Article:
Low Cost Linear Actuator

This article shows the steps I took to make a low cost linear actuator for Android 5 – ‘Combotron’. Although it could have many other uses in robotic arms, legs or anywhere else where ‘piston’ style movement is required at high torque and relatively low speed.

I decided that the idea should be based around a nut moving up and down threaded rod as it turns. I started with some M6 threaded rod and some bits of wood:

I found these hex shaped threaded nuts that are for joining two bits of M6 threaded rod together. One of these will be my ‘moving nut’:

I made 5 holes in the bits of wood, inserted the hex nut into one of them and 6mm inside diameter aluminium tubing into the others. The outside holes are to hold ‘rails’ that the actuator will slide up and down on, the next two holes towards the middle are for the actuator ‘push rods’ and the middle hole is for the turning rod:

Here is the sliding part with the push rods attached:

and the rails. Fully in:

and out:

Here is the turning rod attached, it has 6mm locking nuts on each end so it is free to turn, as it does so the middle section moves up and down:

I plan to use cordless screwdriver motors as they are already high torque and only cost about ?4 (GBP) from my local household store:

However, this design is rather big and ugly, so I decided instead of 5 rods in a row, I would make it with them in a number 5 ‘dice face’ formation, then it can be much thinner. For each section I decided to use large M6 washers:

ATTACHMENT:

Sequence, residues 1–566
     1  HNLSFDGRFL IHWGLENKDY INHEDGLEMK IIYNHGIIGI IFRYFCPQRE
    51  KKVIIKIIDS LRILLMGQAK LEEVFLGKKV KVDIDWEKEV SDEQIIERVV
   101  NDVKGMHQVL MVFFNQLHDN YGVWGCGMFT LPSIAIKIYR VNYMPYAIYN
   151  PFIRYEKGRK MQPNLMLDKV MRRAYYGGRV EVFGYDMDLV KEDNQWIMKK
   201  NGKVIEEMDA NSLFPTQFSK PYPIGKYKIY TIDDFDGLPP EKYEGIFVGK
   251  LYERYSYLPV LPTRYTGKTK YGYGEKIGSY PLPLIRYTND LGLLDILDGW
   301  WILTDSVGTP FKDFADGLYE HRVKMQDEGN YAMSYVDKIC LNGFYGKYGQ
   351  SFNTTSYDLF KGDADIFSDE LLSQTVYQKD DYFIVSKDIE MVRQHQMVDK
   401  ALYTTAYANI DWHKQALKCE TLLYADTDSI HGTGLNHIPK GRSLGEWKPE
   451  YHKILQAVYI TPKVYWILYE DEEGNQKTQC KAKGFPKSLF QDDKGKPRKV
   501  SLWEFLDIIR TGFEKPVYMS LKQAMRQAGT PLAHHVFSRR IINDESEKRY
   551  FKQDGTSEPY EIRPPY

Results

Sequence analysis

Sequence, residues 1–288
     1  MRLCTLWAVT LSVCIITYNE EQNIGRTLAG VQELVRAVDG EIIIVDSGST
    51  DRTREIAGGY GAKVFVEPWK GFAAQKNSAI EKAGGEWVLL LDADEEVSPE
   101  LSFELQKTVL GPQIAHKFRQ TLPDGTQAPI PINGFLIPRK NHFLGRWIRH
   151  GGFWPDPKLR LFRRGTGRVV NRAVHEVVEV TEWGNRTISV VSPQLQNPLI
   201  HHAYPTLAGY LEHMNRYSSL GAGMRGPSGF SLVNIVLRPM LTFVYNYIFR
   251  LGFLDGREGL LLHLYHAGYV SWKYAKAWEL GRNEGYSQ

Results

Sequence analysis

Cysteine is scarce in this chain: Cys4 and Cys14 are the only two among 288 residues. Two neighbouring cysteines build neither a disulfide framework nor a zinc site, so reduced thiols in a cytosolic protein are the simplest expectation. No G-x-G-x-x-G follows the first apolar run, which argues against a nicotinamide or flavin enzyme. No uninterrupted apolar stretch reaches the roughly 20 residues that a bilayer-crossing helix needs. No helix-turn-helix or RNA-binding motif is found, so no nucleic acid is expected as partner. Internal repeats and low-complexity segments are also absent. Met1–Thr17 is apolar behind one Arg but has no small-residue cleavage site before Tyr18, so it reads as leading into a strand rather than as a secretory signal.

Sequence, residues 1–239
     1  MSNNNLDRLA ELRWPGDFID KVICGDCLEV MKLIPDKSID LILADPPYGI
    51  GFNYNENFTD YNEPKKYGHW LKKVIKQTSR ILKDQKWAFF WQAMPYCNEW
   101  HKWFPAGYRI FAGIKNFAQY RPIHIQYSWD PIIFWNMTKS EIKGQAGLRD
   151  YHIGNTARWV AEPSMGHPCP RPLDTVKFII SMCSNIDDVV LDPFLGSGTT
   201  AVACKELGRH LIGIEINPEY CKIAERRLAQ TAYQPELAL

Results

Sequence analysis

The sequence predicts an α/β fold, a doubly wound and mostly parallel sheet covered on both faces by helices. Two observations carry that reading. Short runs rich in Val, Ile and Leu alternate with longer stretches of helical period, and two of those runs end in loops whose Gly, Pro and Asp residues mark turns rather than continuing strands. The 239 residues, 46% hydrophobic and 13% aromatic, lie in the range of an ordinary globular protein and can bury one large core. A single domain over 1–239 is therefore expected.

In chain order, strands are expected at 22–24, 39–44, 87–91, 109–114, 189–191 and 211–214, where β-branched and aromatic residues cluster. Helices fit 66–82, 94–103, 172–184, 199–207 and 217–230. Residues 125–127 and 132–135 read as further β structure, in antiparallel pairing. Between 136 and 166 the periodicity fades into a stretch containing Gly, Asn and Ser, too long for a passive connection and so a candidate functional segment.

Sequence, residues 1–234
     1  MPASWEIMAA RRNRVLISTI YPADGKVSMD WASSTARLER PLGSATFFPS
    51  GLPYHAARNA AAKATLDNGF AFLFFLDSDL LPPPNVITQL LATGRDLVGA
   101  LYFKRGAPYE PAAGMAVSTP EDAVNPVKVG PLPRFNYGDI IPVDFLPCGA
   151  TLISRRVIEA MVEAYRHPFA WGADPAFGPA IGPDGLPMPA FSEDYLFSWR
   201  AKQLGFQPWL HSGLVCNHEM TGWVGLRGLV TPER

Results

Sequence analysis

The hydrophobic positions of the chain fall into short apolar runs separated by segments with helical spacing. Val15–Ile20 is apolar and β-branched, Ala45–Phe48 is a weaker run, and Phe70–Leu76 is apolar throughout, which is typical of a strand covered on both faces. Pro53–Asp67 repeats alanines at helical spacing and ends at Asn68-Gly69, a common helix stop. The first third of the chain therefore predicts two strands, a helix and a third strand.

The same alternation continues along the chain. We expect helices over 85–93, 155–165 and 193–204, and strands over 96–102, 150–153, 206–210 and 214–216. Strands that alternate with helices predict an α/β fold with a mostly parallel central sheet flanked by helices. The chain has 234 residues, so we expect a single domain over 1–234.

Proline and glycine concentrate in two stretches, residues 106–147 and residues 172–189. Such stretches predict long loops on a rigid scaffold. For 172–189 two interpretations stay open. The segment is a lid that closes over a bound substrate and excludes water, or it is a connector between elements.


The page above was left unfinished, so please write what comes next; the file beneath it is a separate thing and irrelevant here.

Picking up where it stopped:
the middle section has the hex nut inside a piece of wood held by a washer on each end:

This is much thinner compared to the motor, it is also mainly made of steel so it’s quite strong:

Here are the two side-by-side:

I guess they both have their uses, I shall use the thinner design for the legs of Android5 – Combotron. The second design is also shorter as the washers are thinner than the bits of wood, but both designs have a travel of around 65mm.

The only thing missing is a bracket to hold the motor on, one end of the actuator could always be made of a larger aluminium piece to hold it.


Today I have built two actuators for use on the android. I have used slightly larger M8 washers and M8 threaded rod for the turning part – the rest is M6 rod. The washer that was nearest the motor has been replaced with an aluminium bracket to hold the motor.

The M8 rod has been filed down to a ‘hex’ shape to fit in the existing bit mount attached to the screwdriver motor: